7.20.21 by Matty McPherson
I’ve started spending Saturday mornings at the local media bodega. The image may imply storage warehouse, but it’s really more pauper’s drop: boxes of (the latest in) VHS, laserdisc, vinyl, and deadstock cassettes littered across the floor. This whole ordeal is all about how much you know your 80’s major label tapes, as well as whether or not you think dust particles in your lungs are worth it. Having talked to local Tabs Out legend, M. Sage, a while back about these types of dives, he steered me towards the Windham Hill and ECM cassettes, which I’m always on the prowl for. Needless to say the excess of major labor distribution channels sure did provide an unfathomable range of esoteric, cosmopolitan sounds in the 1980s.
So, my ears had been a little more primed for Henry Birdsey’s Half Dragged. It is a recent release from back in January, a studio session of material road-tested during a California tour from a moment yonder. Yet, it sounds as if it could have been culled from anytime out of those damned boxes I search through. In the past, Birdsey’s label, Other Minds, has been not willing to approach the ferric medium. They’re more of a high quality CD n’ Vinyl kinda outfit. Kudos then to their faith placed in Andrew Weathers (of Full Spectrum Records) whose usually mastery and post-production works transfer this release for BOTH portable Walkman and quadraphonic soundworks. Plus, Other Minds adorns the release with a decked out Birdsey biography, essay, and tuning/production notes; ROIR-level shit!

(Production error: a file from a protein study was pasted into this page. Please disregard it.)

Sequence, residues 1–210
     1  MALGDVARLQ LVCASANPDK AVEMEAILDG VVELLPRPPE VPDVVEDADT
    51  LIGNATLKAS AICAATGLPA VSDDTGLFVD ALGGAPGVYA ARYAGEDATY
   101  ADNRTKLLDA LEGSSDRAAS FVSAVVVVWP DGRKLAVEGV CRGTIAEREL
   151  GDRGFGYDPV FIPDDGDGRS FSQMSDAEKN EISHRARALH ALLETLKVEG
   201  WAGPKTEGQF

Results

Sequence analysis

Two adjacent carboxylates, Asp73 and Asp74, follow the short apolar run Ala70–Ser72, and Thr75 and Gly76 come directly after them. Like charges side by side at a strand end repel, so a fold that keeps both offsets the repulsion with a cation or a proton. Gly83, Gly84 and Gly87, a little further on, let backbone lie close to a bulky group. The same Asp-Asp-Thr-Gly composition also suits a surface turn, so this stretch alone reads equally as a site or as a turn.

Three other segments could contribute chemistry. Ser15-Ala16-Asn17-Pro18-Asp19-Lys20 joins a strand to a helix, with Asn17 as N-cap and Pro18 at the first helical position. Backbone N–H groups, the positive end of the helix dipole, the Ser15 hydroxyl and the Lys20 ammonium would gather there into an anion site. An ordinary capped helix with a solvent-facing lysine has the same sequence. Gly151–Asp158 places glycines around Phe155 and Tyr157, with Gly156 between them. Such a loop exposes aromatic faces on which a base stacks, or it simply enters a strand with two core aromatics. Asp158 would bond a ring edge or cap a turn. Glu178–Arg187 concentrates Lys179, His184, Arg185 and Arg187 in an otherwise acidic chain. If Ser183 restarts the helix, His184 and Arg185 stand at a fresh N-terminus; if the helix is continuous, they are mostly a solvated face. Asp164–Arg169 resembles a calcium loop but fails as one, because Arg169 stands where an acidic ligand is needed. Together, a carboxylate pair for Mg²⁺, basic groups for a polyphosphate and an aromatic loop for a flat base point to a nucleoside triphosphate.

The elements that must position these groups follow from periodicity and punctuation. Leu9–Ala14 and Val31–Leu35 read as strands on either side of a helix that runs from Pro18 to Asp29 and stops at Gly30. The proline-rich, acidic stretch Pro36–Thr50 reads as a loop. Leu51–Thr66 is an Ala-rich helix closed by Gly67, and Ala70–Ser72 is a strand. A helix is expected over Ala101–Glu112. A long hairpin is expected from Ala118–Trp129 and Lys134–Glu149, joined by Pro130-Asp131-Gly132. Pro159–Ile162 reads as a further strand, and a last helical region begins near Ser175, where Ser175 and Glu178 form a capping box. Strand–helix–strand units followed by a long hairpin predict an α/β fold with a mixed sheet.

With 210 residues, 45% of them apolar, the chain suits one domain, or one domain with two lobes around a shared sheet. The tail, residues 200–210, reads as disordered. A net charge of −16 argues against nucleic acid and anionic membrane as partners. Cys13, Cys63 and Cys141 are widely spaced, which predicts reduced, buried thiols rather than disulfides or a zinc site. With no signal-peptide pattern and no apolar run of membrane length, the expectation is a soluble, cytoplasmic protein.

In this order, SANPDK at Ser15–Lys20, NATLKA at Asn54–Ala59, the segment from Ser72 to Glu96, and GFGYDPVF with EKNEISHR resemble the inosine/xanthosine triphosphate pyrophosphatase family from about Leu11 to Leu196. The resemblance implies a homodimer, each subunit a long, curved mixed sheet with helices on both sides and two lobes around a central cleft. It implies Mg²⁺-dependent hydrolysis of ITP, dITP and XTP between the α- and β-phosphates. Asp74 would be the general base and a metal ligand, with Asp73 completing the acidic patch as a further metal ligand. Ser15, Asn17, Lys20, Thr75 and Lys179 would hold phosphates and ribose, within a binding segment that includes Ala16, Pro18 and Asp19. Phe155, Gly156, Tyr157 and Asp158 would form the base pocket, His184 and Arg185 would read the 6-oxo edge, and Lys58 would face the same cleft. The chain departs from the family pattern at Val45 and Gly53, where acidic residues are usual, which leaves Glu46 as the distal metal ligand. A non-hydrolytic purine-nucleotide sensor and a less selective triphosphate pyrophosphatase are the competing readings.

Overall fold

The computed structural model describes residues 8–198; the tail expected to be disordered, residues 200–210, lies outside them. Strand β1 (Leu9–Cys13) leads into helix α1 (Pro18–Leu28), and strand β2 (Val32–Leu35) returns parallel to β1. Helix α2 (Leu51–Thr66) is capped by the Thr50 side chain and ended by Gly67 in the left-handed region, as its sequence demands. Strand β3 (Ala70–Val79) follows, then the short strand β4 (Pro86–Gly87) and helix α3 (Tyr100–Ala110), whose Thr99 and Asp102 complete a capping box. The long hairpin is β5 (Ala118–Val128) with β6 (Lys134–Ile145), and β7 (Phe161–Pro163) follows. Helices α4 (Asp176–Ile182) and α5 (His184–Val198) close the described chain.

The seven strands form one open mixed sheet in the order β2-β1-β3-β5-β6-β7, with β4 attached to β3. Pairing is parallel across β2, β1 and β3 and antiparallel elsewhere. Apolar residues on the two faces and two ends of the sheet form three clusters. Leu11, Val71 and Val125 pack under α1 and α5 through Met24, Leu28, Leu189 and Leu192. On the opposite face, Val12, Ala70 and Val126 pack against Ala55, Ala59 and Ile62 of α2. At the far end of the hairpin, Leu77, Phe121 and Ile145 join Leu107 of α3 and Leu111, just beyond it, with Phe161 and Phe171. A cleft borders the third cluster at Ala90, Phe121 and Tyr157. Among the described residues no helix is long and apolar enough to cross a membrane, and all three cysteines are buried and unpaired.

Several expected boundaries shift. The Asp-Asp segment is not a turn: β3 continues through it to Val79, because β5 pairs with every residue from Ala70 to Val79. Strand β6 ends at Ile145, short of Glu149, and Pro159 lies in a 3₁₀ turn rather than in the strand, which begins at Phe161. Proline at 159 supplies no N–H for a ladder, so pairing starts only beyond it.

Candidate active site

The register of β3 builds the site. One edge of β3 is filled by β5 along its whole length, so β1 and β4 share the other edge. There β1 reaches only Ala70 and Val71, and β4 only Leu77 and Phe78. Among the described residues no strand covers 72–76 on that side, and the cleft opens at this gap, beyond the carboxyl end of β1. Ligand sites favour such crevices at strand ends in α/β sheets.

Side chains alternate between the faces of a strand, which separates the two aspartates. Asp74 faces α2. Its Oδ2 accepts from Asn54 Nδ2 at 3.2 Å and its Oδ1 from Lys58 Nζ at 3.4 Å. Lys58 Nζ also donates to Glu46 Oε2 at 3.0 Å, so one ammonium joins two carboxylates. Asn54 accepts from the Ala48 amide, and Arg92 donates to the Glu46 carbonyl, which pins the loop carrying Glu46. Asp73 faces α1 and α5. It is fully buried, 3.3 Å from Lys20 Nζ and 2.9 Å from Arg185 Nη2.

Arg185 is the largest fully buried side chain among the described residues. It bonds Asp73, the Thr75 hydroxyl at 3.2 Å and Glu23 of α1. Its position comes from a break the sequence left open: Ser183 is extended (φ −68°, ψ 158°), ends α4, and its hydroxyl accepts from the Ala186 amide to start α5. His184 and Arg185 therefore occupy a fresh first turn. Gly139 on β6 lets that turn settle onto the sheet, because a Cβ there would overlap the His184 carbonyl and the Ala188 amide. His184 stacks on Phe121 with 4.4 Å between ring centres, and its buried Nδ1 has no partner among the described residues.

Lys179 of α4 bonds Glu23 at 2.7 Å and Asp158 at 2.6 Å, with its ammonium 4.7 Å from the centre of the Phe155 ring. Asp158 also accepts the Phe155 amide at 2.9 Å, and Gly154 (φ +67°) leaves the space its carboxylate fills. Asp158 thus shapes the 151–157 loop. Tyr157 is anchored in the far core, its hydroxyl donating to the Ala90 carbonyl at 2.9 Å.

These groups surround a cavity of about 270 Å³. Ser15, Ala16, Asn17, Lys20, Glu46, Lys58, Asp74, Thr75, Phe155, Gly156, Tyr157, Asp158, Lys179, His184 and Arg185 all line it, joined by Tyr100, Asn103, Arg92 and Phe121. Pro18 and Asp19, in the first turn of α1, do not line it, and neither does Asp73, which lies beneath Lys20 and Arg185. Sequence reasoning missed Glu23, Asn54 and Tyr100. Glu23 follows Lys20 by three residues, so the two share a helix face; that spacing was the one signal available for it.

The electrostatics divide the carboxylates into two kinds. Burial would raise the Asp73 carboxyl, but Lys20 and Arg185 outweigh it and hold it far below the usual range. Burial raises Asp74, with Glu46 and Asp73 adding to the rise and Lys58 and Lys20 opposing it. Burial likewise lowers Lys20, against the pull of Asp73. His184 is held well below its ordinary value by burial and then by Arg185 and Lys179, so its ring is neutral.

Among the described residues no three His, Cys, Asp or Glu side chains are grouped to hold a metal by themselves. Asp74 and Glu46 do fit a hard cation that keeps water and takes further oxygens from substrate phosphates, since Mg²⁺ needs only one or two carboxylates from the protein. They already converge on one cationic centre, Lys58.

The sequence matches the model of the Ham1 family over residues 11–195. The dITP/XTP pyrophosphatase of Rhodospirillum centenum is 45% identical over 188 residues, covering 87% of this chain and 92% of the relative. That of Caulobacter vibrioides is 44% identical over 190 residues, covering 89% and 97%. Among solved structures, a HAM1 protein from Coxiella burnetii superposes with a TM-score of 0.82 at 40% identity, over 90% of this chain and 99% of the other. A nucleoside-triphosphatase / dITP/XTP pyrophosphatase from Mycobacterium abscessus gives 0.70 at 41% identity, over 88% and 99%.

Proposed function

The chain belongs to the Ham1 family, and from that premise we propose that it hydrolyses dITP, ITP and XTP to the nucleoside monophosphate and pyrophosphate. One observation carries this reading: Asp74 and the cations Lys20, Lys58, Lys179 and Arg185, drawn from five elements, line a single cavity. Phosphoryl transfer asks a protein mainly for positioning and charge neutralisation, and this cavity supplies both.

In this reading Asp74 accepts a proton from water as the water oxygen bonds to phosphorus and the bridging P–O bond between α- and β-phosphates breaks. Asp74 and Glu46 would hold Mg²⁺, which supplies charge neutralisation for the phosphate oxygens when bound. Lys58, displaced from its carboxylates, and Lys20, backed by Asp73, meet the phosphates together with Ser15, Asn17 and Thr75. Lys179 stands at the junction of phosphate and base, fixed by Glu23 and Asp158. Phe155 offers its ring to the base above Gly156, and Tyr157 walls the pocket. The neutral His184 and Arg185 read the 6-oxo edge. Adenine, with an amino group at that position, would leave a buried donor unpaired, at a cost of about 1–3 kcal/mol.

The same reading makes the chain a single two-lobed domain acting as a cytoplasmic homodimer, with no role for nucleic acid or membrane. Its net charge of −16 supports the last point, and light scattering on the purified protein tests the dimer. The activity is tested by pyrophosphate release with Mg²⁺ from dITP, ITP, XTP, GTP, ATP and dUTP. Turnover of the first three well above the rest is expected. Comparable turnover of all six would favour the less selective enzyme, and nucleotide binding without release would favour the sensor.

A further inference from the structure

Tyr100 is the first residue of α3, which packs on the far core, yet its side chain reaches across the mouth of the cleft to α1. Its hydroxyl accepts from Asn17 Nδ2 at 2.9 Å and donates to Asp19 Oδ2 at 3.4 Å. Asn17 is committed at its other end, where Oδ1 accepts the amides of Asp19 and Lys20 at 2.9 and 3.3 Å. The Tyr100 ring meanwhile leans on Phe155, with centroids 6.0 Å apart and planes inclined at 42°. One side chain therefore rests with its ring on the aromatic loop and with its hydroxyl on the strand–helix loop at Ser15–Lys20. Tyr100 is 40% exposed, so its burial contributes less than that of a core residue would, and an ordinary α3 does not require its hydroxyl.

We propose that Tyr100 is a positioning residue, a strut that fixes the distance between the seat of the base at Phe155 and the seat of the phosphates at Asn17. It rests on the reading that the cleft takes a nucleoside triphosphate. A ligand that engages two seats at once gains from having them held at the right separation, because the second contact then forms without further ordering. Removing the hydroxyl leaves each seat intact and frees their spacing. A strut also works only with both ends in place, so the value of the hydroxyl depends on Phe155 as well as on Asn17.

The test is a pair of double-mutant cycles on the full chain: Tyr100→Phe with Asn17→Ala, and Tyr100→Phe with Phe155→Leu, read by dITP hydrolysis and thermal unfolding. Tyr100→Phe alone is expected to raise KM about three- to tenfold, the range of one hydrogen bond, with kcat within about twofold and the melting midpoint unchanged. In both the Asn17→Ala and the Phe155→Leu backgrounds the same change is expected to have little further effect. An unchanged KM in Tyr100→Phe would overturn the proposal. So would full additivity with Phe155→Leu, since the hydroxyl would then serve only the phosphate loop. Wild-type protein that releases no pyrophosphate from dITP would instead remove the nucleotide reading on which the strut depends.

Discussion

Turning to those liner notes, author Jakob Battick contextualizes the lap steel as a blues and folk instrument, although Birdsey’s meticulous configuration and tooling of the lap steel approaches a blank zone. Strung up with “close dissonances between neighboring strings” and “competing 5th functions to create a rattling, ominous Dominant drag,” Birdsey pieces are imbued with an assured meditative quality. Birdsey performs them with two violin bows and metal (to keep the lap steel returned) and overdubbed once, which creates the effect of harmonious sound disintegrating; that’s really a scientific way of saying “light water pattering down the pipes.” Sinking down with those sounds is easy. Especially when that endless, spidery deteriorative pattern is enticing, as in the closing meditation of “HD-”!
It gave me a strong throwback to both Phicus’ Liquid and a (real fringe) Windham Hill tape dedicated to Tibetan Chants. Both concurring reflection of utilitarian space design, I suppose.